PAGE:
I never really understood the porcine reference in the name as the little beasts have much more of the rodent about them than the darling/delicious pig (and indeed they are closely related to the mole and the shrew – but not the same as porcupines, alright?). That said, hedgehogs did experience their own dalliance with the culinary world courtesy of this legendary 80s meme
– alas (sorry, I mean, fortunately) said chips were flavoured of nothing more than pork fat. Still I can think of a few out there who probably harbour secret desires to sample the spiky variant, though they’d have to catch them first.
I never believed that hedgehogs were actually as fast as the pixelated wry blue show-off of gamelore but do recall an incident a few years back when staring out at the night sky from my back door one night I heard a rustling in the bushes and a dark blur racing out from the vegetation at an alarming pace, pursued by the neighbour’s cat (not Knuckles). Also impressive is their general noisiness as they forage around your garden (fortunately this does not extend to making a fox-esque cacophony at 3am) and their alleged ‘invulnerability’ when curled up into a ball, pointy bits out – though not quite tough enough for the deadliest predator of them all, SUV MAN. Hedgehog entrails spilled out all over the road in front of your house is not a pretty sight, so if they are to continue trying to cross busy roads at night I would not be adverse to powdering their diet of insects with crushed up steroids, just to boost their chances of making it from one kerb to the other in time. But it’s probably illegal. In the meantime we can only stand back and simultaneously deplore and admire their human-like willingness to dice with death in this way. Erm, hooray?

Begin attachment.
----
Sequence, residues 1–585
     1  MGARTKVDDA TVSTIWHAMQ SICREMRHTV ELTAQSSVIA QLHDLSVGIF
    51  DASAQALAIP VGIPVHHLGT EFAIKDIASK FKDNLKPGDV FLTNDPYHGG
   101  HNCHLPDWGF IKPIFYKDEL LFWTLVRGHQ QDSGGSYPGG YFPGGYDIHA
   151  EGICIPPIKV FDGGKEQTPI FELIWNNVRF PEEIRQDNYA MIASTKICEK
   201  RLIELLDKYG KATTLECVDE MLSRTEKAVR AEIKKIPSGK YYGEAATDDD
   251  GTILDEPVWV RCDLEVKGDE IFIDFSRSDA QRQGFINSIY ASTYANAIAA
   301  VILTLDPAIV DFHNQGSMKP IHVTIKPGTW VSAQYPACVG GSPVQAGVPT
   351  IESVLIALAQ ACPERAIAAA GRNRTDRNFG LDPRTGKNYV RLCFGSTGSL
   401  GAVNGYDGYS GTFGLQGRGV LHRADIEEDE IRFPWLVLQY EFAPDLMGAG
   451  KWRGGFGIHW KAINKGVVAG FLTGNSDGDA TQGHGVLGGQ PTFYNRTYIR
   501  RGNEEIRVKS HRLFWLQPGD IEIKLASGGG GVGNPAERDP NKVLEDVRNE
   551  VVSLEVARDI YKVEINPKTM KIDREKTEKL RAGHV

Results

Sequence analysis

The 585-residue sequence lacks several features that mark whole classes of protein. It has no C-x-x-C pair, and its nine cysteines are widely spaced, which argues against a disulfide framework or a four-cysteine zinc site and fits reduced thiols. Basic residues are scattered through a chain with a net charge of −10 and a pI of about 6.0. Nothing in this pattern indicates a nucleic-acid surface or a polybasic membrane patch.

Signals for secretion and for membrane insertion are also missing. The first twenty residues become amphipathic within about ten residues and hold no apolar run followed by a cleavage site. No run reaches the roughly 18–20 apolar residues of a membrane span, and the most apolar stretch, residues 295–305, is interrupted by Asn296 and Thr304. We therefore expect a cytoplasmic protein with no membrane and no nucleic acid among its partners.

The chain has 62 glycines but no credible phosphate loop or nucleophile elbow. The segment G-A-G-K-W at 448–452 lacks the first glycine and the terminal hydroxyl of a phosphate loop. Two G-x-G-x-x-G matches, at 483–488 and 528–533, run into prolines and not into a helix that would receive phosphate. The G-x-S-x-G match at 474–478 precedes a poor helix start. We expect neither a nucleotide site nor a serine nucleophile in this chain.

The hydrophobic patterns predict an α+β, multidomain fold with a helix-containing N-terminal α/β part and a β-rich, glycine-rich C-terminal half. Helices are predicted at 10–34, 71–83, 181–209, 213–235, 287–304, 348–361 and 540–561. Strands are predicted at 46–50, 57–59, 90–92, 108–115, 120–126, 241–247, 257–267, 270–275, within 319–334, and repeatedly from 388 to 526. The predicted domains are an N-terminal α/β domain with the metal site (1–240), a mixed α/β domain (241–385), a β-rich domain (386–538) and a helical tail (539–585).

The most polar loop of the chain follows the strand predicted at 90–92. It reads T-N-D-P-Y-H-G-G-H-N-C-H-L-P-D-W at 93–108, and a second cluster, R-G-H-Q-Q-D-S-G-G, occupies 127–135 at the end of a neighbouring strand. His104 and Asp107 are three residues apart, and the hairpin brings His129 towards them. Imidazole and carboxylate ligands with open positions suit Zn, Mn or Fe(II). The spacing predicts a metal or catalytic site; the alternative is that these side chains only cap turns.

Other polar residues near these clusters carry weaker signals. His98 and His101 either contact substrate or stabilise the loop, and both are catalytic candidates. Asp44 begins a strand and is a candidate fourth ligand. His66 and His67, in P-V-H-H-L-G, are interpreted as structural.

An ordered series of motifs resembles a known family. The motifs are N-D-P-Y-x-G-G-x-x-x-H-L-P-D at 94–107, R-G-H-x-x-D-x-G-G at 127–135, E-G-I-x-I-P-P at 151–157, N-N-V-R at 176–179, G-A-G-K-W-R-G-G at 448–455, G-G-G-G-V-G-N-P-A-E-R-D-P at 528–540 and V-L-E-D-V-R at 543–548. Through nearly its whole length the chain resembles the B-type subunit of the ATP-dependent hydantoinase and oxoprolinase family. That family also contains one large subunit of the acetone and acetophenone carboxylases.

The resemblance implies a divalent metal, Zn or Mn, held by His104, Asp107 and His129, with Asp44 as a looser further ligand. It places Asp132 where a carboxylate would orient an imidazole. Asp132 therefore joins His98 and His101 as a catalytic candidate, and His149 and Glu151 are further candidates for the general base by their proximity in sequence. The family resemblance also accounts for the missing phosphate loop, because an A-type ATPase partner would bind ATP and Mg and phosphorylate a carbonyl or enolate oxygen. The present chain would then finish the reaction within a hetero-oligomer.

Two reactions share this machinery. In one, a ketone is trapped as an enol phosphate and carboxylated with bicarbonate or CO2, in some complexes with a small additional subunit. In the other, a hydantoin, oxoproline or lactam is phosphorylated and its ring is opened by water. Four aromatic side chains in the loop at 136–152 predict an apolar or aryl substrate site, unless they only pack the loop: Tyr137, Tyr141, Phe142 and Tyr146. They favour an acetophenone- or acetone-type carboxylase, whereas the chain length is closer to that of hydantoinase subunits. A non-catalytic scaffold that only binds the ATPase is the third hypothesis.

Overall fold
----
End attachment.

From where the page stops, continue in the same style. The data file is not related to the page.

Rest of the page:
Bikstok Røgsystem – ‘Cigar’
One of the great things about visiting other countries: lying in bed in the hotel room after midnight (in this instance I was in Stockholm) flicking through the selection of free cable channels on the TV provided. I count three or four music channels, Annie’s ‘Heartbeat’ and Bertine Zetlitz is are played on MTV Europe and the general vibe takes me back to MTV’s pan-continental incarnation that we used to receive in the UK before someone decided to segregate us from the rest of Europe by creating MTV UK & Ireland. This did as much harm as good and we lost as much as we gained if not more (those incessant gabba compilation adverts were annoying at the time but I’ve come to miss them since). Because Britain today would appear to have no place for the likes of Bikstok Røgsystem, a Danish pop-dancehall combo who entertained me greatly by cropping up on Swedish music television with their excellent new single ‘Cigar’. Very little information about them in English on the interweb it would seem but there is this with a link to the fabulous video therein which I urge you all to peruse.